Current GIRI Seminar

Fall 2021: The 1921 Tulsa Race Massacre in Global Perspective

Global Inequality Research Initiative: the 1921 Tulsa Race Massacre in Global Perspective will explore inequalities through study of the history of the 1921 Tulsa Race Massacre. Through a series of remote and in-person lectures, undergraduate and graduate students will engage with instructors and guest speakers in discussions surrounding the events of the massacre, the global economic and racial context of early twentieth century racial violence, as well as the massacre’s influence on art, literature, social science research, and American culture. Students will complete a semester-long research project of their choosing as part of the course.

Instructors: John Whittington Franklin, Adam Hollowell, William “Sandy” Darity

Guest instructor: John Whittington Franklin is a historian and the son of scholar John Hope Franklin. His grandfather Buck Colbert Franklin, a lawyer, survived the Tulsa Race Massacre of 1921 and penned the first known memoir of the event.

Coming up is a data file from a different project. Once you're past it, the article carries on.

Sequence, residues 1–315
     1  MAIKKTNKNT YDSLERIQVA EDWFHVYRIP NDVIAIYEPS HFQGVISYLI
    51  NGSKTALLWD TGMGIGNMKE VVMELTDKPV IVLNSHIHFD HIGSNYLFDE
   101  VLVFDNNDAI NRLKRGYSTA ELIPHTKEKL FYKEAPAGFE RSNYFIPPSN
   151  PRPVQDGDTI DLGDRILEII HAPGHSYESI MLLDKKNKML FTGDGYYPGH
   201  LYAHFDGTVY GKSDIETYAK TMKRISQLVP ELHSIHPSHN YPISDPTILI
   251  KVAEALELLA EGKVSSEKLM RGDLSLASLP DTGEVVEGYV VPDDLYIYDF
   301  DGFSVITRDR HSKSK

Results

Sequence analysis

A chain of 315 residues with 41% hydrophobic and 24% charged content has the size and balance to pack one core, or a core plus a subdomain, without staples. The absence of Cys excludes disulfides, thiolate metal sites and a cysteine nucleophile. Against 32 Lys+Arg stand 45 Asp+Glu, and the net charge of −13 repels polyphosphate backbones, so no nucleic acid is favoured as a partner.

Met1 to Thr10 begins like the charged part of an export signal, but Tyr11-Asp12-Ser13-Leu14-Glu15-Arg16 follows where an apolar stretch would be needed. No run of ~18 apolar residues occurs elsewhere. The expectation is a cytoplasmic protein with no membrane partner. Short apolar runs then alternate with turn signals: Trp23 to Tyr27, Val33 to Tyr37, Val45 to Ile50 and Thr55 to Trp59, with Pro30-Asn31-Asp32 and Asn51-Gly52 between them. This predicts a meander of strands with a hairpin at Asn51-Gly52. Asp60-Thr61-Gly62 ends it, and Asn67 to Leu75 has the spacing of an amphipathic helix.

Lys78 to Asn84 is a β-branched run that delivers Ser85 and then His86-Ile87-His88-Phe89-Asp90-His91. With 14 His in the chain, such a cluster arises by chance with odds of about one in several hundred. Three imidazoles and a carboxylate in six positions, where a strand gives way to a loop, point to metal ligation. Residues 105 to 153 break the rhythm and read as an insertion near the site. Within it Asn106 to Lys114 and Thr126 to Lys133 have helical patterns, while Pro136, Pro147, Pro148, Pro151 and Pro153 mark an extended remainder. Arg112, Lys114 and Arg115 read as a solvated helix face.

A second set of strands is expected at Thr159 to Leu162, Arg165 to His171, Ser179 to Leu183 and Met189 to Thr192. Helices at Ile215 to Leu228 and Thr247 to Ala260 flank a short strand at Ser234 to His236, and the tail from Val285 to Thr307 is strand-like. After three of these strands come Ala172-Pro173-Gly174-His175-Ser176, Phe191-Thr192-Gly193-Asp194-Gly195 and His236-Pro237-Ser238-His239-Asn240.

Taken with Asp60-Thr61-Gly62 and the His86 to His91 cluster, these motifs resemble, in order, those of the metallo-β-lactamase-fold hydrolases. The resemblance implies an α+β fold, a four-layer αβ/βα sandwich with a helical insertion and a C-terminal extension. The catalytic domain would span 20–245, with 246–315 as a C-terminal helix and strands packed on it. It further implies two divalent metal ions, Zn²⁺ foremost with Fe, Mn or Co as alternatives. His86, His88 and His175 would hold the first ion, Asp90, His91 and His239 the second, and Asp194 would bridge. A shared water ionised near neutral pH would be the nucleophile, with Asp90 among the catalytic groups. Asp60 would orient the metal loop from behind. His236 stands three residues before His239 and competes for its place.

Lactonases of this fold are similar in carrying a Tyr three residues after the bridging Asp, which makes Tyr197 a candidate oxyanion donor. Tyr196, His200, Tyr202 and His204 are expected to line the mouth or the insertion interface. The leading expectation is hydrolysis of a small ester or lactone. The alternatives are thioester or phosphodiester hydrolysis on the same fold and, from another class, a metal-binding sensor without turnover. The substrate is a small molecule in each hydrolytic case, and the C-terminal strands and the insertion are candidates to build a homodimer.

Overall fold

Program Description

The Global Inequality Research Initiative (GIRI) seminar is an interdisciplinary, vertically integrated research course that emphasizes a judicious application of mixed methods from the social sciences and humanities, including quantitative, qualitative, and archival research.

Cross-listed in multiple departments, GIRI facilitates integrated study and research across fields of social, historical, and political inequality. The course, typically offered once each semester, invites students to produce a major paper that will qualify for submission to a refereed journal in the area relevant to the focus of the study. Past GIRI seminar themes have included reparations, genetics and neuroscience, racism in Europe, and social determinants of health.

Program Goals

  • The goal of the class is to navigate the students through a rigorous process that introduces them to the research process. This includes some exposure to qualitative and quantitative methodology.  It introduces students to data gathering, cleaning, analysis, and presentation.  When students complete the course, they should have a better understanding of inequalities and its connection to the course’s topic.  An advanced undergraduate student or graduate student should gain value from this course.
  • In all Global Inequality Research Institute courses, the goal is to immerse students in open-ended research, only with the guidelines of exploring a component of the semester’s theme.
  • Students should not only be able to conduct research, but also share it. GIRI courses always conclude with a capstone conference, where students present their research in a poster or presentation format. The final component of sharing is the goal of having the research paper published in a Social Science journal.